Ocheyedan Mound

Few of Iowa's natural features have excited so much curiosity as the Ocheyedan Mound in northwest Iowa's lakes region.

Few of Iowa's natural features have excited so much curiosity as the Ocheyedan Mound in northwest Iowa's lakes region.

Just southeast of the town of Ocheyedan, the Mound rises an impressive 170 feet above the surrounding flood plain. It is one of the highest point in Iowa-1655 feet above sea level. Only two miles south of highway nine, the Mound is reached by a concrete and blacktop road, and is readily accessible to visitors.

The Ocheyedan Mound is one of the most beautiful hills in the northwest part of the state and its outline can be seen for miles in all directions. The region along the Ocheyedan river flood plain is made up of rolling hills. Some are in groups, with a distinctive arrangement. Others are isolated somewhat-the Mound is the most striking example of this.

General trend of the Mound is northeast and southwest. Its extreme length is only about one third of a mile. Portions of its narrow summit are but a few yards wide.

It is long thought that the Mound was an Indian burying ground. This was disproved when geologists investigated and found that it was a kame, of glacial origin. Kames are hills and ridges of stratified drift deposited by glaciers at the mouths of ice tunnels or ice channels, and in angles of ice. The Mound was formed during the recession of the Wisconsin ice sheet, the last glacier to invade Iowa, many thousands of years ago.

The material making up the Mound is chiefly sand and gravel with small boulders of various types, including rocks of many different kinds. There are granites, Sioux quartzite's and limestone's.

The esthetic value of such beautiful and interesting geological phenomena as the Ocheyedan Mound should be appreciated by our people, and every effort should be made to prevent their destruction. Already the Ocheyedan Mound has been somewhat marred by the removal from its summit sand and gravel which was used for commercial purposes. To be sure, the Mound is valuable for the many tons of material that might be taken from it, but far greater value is it to the state as a beauty spot, a landmark, which should be conserved for future generations just as zealously as we should conserve our material resources.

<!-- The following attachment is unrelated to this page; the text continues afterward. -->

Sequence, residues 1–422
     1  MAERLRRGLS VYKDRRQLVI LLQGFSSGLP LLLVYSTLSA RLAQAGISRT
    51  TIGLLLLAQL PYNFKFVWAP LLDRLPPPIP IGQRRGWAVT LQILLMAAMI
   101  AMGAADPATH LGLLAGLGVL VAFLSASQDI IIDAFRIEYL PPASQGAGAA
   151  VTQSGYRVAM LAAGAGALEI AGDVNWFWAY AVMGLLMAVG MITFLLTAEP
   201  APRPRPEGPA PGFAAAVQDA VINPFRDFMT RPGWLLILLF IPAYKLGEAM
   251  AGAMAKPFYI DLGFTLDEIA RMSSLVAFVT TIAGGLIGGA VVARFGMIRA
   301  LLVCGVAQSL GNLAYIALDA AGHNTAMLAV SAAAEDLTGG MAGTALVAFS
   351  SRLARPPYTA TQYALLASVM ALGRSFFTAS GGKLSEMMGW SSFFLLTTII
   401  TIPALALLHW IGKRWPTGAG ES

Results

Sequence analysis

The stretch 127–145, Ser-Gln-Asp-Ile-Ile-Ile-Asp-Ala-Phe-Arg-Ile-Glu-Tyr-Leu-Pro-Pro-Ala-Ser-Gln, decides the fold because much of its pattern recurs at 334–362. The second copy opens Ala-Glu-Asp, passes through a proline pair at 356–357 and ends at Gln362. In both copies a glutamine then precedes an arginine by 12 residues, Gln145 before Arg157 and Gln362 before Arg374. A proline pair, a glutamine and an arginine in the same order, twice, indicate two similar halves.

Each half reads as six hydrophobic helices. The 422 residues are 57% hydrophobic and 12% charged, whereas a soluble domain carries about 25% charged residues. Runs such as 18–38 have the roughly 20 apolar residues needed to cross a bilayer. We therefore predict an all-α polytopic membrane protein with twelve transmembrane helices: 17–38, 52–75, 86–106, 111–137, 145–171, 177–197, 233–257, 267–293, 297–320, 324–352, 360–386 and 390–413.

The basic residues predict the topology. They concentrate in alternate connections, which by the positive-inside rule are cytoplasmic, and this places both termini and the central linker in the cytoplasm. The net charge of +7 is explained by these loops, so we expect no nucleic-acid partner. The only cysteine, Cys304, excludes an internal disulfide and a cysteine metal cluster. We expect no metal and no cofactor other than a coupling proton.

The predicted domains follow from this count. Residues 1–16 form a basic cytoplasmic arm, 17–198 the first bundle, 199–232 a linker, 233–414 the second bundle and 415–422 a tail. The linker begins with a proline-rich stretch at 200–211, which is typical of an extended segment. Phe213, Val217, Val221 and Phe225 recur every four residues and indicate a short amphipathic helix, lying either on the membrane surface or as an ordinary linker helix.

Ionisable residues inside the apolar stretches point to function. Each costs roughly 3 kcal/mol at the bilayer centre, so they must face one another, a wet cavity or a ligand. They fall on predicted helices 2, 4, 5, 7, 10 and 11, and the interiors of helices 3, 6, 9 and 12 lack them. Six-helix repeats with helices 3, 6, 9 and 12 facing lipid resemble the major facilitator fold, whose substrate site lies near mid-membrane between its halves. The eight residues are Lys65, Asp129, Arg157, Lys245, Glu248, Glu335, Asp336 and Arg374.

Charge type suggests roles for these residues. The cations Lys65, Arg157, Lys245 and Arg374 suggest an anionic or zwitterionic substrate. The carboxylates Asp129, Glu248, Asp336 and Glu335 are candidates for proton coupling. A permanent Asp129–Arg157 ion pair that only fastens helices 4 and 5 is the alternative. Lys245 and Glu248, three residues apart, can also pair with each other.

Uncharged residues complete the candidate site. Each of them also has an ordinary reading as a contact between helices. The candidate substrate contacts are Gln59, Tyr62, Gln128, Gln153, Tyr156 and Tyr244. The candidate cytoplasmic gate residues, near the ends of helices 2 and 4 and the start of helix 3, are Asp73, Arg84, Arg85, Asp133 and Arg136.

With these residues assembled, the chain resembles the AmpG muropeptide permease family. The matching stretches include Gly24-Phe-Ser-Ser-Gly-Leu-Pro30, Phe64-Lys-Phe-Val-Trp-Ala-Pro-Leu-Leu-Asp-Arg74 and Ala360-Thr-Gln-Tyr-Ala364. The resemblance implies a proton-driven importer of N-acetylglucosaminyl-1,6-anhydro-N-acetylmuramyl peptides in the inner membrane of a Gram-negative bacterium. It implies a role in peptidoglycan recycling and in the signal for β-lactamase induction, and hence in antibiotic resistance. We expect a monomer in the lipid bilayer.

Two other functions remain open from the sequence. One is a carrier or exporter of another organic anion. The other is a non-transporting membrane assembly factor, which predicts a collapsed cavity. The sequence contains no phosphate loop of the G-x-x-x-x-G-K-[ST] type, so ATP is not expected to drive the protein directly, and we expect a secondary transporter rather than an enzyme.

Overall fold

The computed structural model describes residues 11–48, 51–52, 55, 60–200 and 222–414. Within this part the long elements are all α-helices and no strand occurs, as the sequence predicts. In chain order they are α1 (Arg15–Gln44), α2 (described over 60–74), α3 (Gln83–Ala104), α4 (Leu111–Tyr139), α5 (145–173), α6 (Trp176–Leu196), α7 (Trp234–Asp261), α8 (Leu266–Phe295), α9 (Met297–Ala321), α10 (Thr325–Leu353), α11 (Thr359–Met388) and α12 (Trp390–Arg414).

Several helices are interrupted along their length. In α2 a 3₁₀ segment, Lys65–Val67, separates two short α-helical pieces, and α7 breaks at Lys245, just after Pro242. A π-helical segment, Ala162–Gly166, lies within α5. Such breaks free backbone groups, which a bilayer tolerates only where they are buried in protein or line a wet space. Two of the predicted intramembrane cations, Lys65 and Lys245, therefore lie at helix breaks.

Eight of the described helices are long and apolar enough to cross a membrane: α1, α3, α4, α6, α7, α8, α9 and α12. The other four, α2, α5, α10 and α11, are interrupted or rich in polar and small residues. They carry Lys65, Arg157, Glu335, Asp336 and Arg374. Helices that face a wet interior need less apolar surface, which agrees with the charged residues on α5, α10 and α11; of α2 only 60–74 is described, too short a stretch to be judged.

Just where Ocheyedan gets its name is really not known. In the early Dacotah (Sioux) dictionary compiled in 1852 were two names, Acheya and Akicheya, meaning to mourn as for a dead relative. The Indians of the area applied these to landmarks in the area to commemorate two Indian boys who were killed here by a party of tribal enemies. Acheya (white settlers pronounced it Ocheyedan) is a mourning ground. Ocheyeda was the name applied to Nobles county's (Minnesota) largest lake. An "n" was added and the town in Osceola county was named "Ocheyedan".

There is a tradition that the Indians used the Mound as an observation point and as a place of mourning. White men have used it as a guide across the prairies, and it is now popular for picnics, steak fries, fireworks displays and winter sliding, toboggan parties and skiing.

It is assumed that the highest point yet remains in Osceola county. Since discovering in 1971 that the Mound was no longer the highest point, two or three points (east, north and west of Sibley, have been brought forth as contenders for the highest elevation above sea level. The U.S. Geodetic Survey determined that a point on the Merrill Sterler farm north of Sibley is 1670 feet and so marked on maps the new location.

The summer of 1884 the Burlington, Cedar Rapids and Northern Railroad, now the Chicago, Rock Island and Pacific, crossed the northern part of Osceola county. The coming of the railroad was a great event on the prairie and in the sparsely settled region here-one of the last in Iowa to be settled.

In the fall of 1884 building activities began and the prairie town of Ocheyedan was a busy place with every available person at some kind of work. The first building put up on the town site was a shanty-more popularly called shack. The post office was moved to the town site that year from Rush Lake where it had been located from 1875. Rush Lake is a mile northeast of the town site and is noted for its excellent waterfowl hunting.

Ocheyedan, like many small Iowa towns, has lost population through the years. It now has a population of only 545 but has been recognized by the state betterment committee for many projects of improvement in business, housing, retirement, recreation, churches, schools and other lines of endeavor.

-Transcribed by Roseanna Zehner

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